Justice Bélanger also pointed out that the legislator amended the Office of the Superintendent of Financial Institutions Act in 2012 to add section 39.1, which created a complete immunity from disclosure for the Superintendent and OSFI staff. The 2012 amendment, however, did not alter the confidentiality obligation imposed on companies to include an absolute prohibition on disclosure. In fact, the sole objective behind the 2012 amendment was to prevent the Superintendent and OSFI staff from being summoned to appear in court, added Justice Bélanger. “In this case, if the legislature had wanted to set up an absolute prohibition, it would have stated that any type of disclosure is prohibited, even in the course of judicial proceedings, a drafting technique used in other statutes,” said Justice Bélanger in Société financière Manuvie v. D’Alessandro 2014 QCCA 2332.

Justice Bélanger added that it was not shown that the public interest in maintaining the confidentiality of the Manulife documents was greater than the importance of disclosing it for the administration of justice. The trial judge was therefore right to apply the rule of relevance and order the disclosure of materials relevant to the dispute. Besides, added Justice Bélanger, there was no reason to believe that the measures implemented in the confidentiality agreement reached between Manulife and MEDAC were insufficient to maintain confidentiality of the documents.

In dissenting reasons, Justice Benoît Morin would have allowed the appeal. He said that the prohibition on disclosure was absolute, and applied to all supervisory information, otherwise section 39.1 of the OSFI Act is void of any practical effect.

The decision will likely open the door to more claims that confidential documents be produced, with relevance informing the scope of the disclosure, said Claude Marseille, who represented the Canadian Life and Health Insurance Association Inc. and the Insurance Bureau of Canada who were interveners in the case. “This decision is likely (going) to encourage claims that information, the disclosure of which is prohibited by law, nevertheless must be disclosed in the context of civil proceedings, at the request of a third party who is not supposed to have access to it,” said Marseille, a litigator with Blake, Cassels & Graydon LLP. “Federal regulations formally prohibit banks and insurance companies from disclosing supervisory information exchanged with OSFI to anyone, directly or indirectly. Yet, the decision orders an insurance company to disclose this information to a private third party in the context of a civil suit, on the sole basis of relevance, although the purpose of the federal regulations was precisely to prevent such a third party to have access to it.”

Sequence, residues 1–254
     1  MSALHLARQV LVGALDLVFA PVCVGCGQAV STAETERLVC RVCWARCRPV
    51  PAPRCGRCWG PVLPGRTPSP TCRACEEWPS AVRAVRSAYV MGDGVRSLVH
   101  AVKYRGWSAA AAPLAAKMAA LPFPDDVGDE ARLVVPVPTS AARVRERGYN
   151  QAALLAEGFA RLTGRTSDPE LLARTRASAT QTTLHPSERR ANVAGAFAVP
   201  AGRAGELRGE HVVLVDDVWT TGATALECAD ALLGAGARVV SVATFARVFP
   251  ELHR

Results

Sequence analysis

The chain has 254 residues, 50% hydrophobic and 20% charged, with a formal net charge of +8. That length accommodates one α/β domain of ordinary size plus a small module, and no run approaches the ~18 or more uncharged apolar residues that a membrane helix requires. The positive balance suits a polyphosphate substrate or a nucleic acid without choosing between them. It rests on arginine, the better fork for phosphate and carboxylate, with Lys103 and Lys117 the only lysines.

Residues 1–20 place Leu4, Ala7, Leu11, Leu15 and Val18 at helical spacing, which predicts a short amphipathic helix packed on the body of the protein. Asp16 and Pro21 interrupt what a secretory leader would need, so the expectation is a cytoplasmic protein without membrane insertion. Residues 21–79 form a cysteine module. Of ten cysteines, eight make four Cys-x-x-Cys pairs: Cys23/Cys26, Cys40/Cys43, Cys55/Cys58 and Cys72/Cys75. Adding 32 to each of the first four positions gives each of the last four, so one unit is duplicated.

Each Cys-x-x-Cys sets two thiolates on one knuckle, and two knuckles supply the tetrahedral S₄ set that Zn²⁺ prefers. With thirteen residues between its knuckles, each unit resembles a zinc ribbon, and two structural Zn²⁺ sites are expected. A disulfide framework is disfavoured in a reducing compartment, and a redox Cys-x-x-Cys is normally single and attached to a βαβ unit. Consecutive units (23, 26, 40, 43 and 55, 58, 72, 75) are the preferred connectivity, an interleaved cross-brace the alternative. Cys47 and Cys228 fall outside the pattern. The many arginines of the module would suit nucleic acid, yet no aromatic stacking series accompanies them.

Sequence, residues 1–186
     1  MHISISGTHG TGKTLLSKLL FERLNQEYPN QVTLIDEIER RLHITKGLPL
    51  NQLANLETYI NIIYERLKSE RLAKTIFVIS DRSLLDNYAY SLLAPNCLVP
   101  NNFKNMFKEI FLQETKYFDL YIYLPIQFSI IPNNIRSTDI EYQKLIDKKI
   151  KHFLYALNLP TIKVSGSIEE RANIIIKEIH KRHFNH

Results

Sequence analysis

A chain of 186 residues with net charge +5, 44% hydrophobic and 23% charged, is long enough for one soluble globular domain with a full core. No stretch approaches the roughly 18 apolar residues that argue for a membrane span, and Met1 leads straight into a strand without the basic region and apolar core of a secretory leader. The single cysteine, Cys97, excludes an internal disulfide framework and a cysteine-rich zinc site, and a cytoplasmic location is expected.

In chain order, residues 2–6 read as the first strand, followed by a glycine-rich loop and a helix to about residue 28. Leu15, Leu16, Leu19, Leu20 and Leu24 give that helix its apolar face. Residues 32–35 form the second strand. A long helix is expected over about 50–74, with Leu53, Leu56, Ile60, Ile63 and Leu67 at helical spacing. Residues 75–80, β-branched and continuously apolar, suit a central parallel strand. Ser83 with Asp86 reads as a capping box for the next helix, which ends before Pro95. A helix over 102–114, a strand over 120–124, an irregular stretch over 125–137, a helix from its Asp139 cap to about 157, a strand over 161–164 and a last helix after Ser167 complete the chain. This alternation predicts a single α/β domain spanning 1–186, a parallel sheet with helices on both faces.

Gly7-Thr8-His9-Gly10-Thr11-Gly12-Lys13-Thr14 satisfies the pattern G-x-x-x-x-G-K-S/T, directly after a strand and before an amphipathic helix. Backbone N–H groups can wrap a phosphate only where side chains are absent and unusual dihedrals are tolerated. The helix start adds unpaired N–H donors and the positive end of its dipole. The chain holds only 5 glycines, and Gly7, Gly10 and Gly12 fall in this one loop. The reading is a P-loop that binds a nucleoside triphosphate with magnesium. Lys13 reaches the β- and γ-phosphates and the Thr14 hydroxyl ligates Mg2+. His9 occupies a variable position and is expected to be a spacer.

More alarmingly, added Marseille, allowing third parties to compel the production of confidential and sensitive information in subsequent civil proceedings is likely going to impede exchanges between financial institutions and OSFI, which in turn may hinder OSFI’s ability to react quickly in identifying deficiencies and trends in the marketplace to the “detriment of the safety and soundness of the Canadian financial system.”

Simon Hebert, a Quebec City lawyer with Siskinds LLP who successfully represented MEDAC in the case, says that the impact of the decision is not nearly as “dramatic” as the interveners argued before the courts. “The ruling simply held that the sections in question do not prevent the courts from ordering the production of pertinent documents,” said Hebert. “The documents are in any case bound by a confidentiality agreement reached between the parties, which will be managed by the courts.”